The Hearth in the House as a System

Appliance design influences

The design of the fireplace or stove can contribute to either spillage resistance or the likelihood of the system to spill. Although there are several appliance characteristics that affect spillage performance, one characteristic tends to dominate all others: the demand for combustion and dilution air. Generally, the less air an appliance needs for proper operation, the more resistant to spillage it will be. The following list of chimney vented hearth categories is presented in approximate order of the least to the most spillage resistant:

  • open fireplaces (wood or gas log)
  • gas appliances with draft hoods (space heaters, inserts, fireplaces)
  • conventional masonry or factory-built fireplaces with doors but no gaskets
  • controlled combustion woodburning appliances
  • EPA certified woodburning appliances

Note that some other characteristics of an appliance within a category may effect its spillage resistance and change its ranking.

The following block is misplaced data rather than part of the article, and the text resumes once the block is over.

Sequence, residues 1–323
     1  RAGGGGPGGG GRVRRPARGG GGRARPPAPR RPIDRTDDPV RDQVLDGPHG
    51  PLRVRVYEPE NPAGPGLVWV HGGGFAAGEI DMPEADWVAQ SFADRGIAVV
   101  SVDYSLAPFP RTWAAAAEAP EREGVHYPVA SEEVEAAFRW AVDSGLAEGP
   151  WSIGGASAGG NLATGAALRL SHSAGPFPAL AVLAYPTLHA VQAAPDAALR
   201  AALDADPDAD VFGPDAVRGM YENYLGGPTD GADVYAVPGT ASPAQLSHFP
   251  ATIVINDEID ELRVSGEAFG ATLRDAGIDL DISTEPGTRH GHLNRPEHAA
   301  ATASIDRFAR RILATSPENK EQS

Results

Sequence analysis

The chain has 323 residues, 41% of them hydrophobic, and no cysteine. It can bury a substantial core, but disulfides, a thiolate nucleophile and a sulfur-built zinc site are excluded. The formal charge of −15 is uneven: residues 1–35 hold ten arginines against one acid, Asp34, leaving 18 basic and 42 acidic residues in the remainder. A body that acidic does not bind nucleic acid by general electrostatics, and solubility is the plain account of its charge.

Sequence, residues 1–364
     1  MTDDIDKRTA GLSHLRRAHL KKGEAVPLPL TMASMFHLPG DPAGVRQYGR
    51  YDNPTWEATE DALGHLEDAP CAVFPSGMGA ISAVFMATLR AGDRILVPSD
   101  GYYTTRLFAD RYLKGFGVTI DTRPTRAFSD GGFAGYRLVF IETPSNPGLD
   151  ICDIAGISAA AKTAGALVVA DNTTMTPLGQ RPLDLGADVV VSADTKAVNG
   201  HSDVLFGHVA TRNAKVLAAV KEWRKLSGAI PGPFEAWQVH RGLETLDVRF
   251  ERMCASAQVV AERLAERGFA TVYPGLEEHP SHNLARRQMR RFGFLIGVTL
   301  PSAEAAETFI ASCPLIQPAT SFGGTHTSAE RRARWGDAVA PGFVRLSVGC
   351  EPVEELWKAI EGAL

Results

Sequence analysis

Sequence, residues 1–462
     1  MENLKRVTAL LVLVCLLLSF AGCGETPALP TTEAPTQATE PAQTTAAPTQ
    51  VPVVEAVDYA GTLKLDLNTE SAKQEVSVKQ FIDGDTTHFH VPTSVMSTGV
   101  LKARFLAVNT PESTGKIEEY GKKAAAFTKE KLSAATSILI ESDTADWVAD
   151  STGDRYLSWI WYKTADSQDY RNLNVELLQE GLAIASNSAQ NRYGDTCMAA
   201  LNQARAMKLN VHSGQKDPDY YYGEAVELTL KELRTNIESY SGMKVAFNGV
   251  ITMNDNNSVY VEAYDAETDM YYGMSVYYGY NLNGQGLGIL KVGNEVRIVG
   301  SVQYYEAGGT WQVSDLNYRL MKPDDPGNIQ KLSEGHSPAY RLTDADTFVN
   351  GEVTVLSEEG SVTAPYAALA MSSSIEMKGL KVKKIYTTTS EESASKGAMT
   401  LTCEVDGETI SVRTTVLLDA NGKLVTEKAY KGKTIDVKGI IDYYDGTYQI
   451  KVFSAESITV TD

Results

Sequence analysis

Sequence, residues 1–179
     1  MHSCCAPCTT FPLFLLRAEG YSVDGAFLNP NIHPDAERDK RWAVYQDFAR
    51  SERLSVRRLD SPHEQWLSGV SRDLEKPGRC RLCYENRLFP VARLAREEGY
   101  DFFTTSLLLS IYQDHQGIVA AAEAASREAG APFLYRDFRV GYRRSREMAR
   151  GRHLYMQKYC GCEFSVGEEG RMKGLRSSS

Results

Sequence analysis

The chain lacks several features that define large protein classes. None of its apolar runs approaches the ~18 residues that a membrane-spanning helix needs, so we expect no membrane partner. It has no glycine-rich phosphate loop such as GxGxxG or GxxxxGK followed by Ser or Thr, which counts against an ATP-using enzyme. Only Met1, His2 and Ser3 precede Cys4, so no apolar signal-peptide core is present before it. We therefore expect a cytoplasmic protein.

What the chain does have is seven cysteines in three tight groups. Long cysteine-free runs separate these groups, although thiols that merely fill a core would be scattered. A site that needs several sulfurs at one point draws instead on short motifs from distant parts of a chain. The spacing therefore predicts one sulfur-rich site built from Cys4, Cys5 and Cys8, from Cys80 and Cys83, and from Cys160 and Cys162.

The presence of a solid barrier between the room and the combustion chamber increases spillage resistance dramatically. This effect is not simply because doors keep the smoke inside by providing fewer leakage sites. In fact, it has more to do with higher gas temperatures and stronger draft because less dilution air is admitted.

EPA certified appliances tend to be more spillage resistant than other appliances having similar tightness because their combustion systems provide more stable combustion and so are less likely to smolder. Firebox insulation and a more complex internal structure also gives EPA certified stoves and fireplace more mass and therefore more energy momentum than conventional equipment.

An open fireplace without doors has almost no spillage resistance during a significant part of the burn cycle because there is no barrier provided between the combustion process and the room.
An appliance with a firebox exhaust exit that is lower than the top of the door opening is more susceptible to open door spillage.